Is the "shuai-jan" snake real or mythical?

Just finished reading “The Art of War,” and it has an interesting mention towards the end:

Very interesting, but I don’t find any mention of it in Google besides some usernames and quotes back to The Art of War.

Anybody know if this is or was a real snake?

I wonder what they mean by “attacked by the tail.” Snakes don’t have stingers or any other weapon on the tail that I’ve ever heard of.

My assumption is that the snake moves and acts as though its tail is its head, making a potential predator with poor vision wary about attacking either end. Interesting evolutionary possibility, if true.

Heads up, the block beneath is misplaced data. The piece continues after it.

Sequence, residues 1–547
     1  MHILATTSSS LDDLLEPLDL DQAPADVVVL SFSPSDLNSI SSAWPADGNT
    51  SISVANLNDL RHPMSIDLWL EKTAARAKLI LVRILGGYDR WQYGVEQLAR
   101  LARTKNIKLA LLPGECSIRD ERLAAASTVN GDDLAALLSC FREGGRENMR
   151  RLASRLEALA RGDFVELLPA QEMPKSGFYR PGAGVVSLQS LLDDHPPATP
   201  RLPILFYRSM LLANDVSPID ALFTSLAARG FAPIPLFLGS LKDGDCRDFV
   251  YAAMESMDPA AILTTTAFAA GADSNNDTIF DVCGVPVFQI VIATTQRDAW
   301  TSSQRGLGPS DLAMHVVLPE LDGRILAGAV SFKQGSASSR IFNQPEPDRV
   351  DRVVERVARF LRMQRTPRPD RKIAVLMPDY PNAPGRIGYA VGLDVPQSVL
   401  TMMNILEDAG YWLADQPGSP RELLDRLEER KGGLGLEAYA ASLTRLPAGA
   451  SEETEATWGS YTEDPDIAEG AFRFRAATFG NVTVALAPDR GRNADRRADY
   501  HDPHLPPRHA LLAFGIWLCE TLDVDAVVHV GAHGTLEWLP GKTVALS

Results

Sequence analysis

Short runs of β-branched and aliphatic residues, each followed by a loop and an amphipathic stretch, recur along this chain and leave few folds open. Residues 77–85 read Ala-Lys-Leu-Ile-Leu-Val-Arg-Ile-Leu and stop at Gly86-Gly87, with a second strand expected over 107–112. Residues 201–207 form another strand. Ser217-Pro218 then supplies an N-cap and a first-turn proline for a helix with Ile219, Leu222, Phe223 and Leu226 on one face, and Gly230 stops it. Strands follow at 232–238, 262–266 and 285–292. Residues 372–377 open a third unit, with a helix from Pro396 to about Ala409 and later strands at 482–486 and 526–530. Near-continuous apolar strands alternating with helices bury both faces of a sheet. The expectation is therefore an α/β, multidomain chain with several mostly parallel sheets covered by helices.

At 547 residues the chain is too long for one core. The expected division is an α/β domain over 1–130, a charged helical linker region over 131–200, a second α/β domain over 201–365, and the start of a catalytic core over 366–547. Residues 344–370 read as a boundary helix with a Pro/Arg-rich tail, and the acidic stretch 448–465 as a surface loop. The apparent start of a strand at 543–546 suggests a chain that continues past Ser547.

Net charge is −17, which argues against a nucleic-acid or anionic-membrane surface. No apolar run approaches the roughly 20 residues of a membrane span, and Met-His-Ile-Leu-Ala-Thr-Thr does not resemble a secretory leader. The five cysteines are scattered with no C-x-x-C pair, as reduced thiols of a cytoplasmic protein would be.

There are a lot of myths that they do, though, so Sun Tzu might have believed that it did.

Without further information, I’d agree that this is likely a folk belief about a real species or subspecies. The Chinese is 率然 (shuàirán in pinyin), which the online MDBG dictionary gives as “hastily, rashly, suddenly” and individually as “rash, hasty” + “pledge, promise” so there may be a pun involved. I don’t speak Chinese, much less Classical Chinese, so I don’t know. Those mountains seem to be in Zhejiang Province, and I imagine you could find a list of snakes native to the region.

ETA: You could always email the local snake institute and ask them.